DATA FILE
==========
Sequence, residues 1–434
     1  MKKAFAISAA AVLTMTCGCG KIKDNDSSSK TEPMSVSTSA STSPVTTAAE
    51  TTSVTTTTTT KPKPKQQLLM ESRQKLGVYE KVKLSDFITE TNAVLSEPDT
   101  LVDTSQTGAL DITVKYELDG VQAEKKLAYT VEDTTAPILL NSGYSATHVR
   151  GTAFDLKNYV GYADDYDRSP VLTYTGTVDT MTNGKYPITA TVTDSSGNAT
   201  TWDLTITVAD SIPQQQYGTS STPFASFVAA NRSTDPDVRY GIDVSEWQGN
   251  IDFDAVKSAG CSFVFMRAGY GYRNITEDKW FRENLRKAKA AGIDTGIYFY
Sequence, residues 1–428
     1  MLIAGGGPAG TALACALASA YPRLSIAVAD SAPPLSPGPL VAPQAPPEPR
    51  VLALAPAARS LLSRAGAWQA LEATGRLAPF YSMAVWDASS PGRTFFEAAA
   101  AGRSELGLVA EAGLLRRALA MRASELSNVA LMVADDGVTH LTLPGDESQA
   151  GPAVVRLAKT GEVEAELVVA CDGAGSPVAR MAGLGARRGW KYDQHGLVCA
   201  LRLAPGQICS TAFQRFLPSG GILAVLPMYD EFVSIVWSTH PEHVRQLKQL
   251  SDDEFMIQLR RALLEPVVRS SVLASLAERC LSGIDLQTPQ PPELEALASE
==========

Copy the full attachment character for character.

Sequence, residues 1–434
     1  MKKAFAISAA AVLTMTCGCG KIKDNDSSSK TEPMSVSTSA STSPVTTAAE
    51  TTSVTTTTTT KPKPKQQLLM ESRQKLGVYE KVKLSDFITE TNAVLSEPDT
   101  LVDTSQTGAL DITVKYELDG VQAEKKLAYT VEDTTAPILL NSGYSATHVR
   151  GTAFDLKNYV GYADDYDRSP VLTYTGTVDT MTNGKYPITA TVTDSSGNAT
   201  TWDLTITVAD SIPQQQYGTS STPFASFVAA NRSTDPDVRY GIDVSEWQGN
   251  IDFDAVKSAG CSFVFMRAGY GYRNITEDKW FRENLRKAKA AGIDTGIYFY
Sequence, residues 1–428
     1  MLIAGGGPAG TALACALASA YPRLSIAVAD SAPPLSPGPL VAPQAPPEPR
    51  VLALAPAARS LLSRAGAWQA LEATGRLAPF YSMAVWDASS PGRTFFEAAA
   101  AGRSELGLVA EAGLLRRALA MRASELSNVA LMVADDGVTH LTLPGDESQA
   151  GPAVVRLAKT GEVEAELVVA CDGAGSPVAR MAGLGARRGW KYDQHGLVCA
   201  LRLAPGQICS TAFQRFLPSG GILAVLPMYD EFVSIVWSTH PEHVRQLKQL
   251  SDDEFMIQLR RALLEPVVRS SVLASLAERC LSGIDLQTPQ PPELEALASE